“Yeah, Yeah, I think so,” Rivers said, before pausing and adding, “Last year we lost Game 7 [NBA finals] on the road.”
|Irish Coffee: Celtics answer all questions||03.25.11 at 1:32 pm ET|
Wake up with the Celtics and your daily dose of Irish Coffee …
Rather than fishing for answers to Celtics questions — like, “Did Shaquille O’Neal suffer a setback?” … “Will Jermaine O’Neal ever return?” … “What’s wrong with Rajon Rondo?” … “Is Doc Rivers gone after the season?” … and, “Why does Kevin Garnett obsess over ‘Big Love’?” — let’s just go straight to the leprechauns’ mouths.
All those questions were answered during interviews on WEEI’s Celtics Thursday when Rivers joined the Dennis & Callahan morning show, Garnett appeared on Mut & Merloni and president Danny Ainge spoke on The Big Show. Here are the highlights:
Shaq reportedly received a cortisone shot last Tuesday, what gives?
Doc: “Hopefully Shaq will be back within the next five or six days. Again, that’s the estimated time of arrival.”
Danny: “He’s day-to-day starting about that time. I think Shaq is probably not going to play in Minnesota or Indiana, and I think from that point on it’s day-to-day. He could play in San Antonio, or he may play the next game or the game after that. I’m not certain.
“It’s up to him. Like, ‘Are you ready to play?’ He wants to practice before he goes out to play, so we’ll just wait for him to say, ‘I feel ready to go.’ You can’t just say, ‘Hey, you’re going to play tonight; get out there and play.’ …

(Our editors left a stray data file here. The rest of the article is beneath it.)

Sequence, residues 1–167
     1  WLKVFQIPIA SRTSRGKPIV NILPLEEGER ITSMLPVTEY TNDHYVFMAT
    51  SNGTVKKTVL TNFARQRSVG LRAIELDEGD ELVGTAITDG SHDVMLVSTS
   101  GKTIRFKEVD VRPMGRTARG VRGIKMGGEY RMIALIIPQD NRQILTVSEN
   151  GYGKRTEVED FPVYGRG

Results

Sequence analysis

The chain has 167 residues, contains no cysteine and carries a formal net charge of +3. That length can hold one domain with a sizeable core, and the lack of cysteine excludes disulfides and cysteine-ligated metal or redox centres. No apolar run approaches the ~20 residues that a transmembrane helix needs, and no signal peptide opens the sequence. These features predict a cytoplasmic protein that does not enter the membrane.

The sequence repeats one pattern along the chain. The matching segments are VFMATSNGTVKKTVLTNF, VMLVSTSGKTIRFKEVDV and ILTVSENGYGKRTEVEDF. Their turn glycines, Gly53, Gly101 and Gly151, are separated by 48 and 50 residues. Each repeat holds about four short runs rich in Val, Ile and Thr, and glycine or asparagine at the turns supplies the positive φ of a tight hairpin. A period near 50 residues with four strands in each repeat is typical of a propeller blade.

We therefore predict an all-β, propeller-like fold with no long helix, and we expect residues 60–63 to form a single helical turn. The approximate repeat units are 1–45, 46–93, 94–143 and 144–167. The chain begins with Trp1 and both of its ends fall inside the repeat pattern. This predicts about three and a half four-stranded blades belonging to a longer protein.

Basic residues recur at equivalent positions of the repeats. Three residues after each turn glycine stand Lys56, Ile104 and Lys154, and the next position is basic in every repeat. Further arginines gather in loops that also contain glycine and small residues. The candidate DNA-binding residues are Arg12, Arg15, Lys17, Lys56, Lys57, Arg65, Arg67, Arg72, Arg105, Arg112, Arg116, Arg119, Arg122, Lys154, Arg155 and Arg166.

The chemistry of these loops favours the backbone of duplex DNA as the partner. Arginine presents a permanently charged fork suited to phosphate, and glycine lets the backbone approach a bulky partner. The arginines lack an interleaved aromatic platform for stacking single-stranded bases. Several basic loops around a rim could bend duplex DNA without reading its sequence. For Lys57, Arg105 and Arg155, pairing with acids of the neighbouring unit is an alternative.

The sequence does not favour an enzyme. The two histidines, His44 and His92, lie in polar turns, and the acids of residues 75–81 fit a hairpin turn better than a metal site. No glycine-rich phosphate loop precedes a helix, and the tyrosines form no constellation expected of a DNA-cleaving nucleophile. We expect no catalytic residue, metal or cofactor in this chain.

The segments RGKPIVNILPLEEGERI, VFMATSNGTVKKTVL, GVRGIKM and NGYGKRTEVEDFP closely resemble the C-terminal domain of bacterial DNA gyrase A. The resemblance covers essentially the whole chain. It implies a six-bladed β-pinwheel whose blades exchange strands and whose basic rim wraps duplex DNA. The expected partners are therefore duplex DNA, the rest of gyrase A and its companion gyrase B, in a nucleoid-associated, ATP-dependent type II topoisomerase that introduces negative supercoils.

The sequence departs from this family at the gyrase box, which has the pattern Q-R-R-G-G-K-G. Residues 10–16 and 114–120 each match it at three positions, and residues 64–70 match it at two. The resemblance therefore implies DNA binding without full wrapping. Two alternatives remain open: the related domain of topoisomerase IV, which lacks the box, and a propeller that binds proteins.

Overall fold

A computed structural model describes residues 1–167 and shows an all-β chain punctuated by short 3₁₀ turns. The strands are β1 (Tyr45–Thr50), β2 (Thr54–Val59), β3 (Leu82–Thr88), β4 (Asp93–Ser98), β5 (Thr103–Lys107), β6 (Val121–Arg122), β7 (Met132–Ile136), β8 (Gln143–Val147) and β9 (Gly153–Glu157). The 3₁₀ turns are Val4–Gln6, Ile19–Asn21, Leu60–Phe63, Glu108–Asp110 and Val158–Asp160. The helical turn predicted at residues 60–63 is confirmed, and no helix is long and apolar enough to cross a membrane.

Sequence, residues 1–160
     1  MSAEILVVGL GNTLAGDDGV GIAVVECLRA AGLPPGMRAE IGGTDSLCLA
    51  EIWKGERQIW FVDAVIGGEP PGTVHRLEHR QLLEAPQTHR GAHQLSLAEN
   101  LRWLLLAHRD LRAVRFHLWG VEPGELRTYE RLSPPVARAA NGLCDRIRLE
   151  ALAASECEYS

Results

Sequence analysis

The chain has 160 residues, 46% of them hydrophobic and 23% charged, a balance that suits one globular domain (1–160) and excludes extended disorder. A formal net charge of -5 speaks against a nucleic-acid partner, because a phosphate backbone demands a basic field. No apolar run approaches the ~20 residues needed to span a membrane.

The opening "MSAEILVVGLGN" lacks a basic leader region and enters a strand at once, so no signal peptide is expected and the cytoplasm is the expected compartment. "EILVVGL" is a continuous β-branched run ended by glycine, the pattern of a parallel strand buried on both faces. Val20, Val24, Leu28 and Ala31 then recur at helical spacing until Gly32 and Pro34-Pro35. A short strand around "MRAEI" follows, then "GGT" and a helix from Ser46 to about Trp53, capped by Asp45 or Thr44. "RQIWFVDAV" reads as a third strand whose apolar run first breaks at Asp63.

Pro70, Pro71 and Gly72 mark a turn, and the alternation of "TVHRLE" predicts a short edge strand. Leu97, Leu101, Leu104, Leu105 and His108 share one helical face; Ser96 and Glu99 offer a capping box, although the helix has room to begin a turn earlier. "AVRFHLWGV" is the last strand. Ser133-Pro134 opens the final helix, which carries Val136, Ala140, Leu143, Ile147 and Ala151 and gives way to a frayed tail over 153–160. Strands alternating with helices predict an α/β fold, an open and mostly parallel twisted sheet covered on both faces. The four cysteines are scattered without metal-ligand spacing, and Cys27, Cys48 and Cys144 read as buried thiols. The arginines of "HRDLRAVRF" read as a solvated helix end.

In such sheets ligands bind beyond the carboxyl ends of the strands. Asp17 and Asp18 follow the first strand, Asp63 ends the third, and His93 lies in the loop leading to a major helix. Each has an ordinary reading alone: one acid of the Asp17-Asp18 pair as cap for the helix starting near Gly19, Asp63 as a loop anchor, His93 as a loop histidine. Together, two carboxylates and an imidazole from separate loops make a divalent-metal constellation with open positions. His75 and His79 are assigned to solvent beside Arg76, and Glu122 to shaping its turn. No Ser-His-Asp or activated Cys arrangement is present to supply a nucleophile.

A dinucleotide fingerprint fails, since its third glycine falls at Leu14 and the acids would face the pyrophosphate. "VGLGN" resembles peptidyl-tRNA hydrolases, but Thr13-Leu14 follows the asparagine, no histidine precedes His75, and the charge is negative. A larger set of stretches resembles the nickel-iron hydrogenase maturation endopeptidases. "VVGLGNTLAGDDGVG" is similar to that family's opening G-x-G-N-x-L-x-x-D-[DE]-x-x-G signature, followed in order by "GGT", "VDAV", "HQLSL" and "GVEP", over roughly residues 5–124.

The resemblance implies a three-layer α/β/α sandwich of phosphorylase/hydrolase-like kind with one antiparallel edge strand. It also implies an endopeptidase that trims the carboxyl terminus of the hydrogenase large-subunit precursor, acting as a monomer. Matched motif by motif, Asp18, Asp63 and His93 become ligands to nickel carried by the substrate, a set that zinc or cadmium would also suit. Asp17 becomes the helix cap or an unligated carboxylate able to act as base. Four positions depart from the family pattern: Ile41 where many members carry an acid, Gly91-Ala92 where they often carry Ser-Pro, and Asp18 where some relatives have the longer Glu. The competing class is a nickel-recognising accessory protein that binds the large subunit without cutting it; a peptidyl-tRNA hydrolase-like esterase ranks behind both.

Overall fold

“With Shaq, he’s got some soreness in the Achilles tendon, and he wants to try to have it as pain-free as possible before he goes out there to play, rather than play in these games right now. And that’s what we’re trying to wait for. It’s a lot more pain-free today than it was last week.”
KG: “We change dramatically [with Shaq]. You have not only a post presence but a presence, period. Shaq is physical on both ends. He lets that presence be known from the minute the ball goes up.”
Can the Celtics expect anything from Jermaine O’Neal?
|Paul Pierce on getting touches late: ‘I’m not going to make that an issue’||03.24.11 at 10:51 am ET|
Sometimes Paul Pierce can display a misleading, almost nervous, smile after a befuddling loss.
Wednesday night was such a case.
Pierce was asked whether he would like to get his hands on the ball more down the stretch, especially when the Celtics were trailing by three and his team needed a big basket. Pierce did get the ball but with 4.2 seconds left, leaving the C’s captain to fire a desperate trey that fell short.
In the 30 seconds before that, Rajon Rondo (a runner) and Glen Davis (an ill-advised three-pointer) missed shots that would’ve tied or given the Celtics the lead against the Grizz.
“We ran some stuff,” Pierce said. “We had the turnover right there down the stretch. For the most part I liked the looks we got. We got Big Baby with a nice shot. Less than 30 seconds we get Rondo right in the paint, going up for a shot that he takes all the time and makes. I’ll take that for a game winner. It just didn’t go our way today.”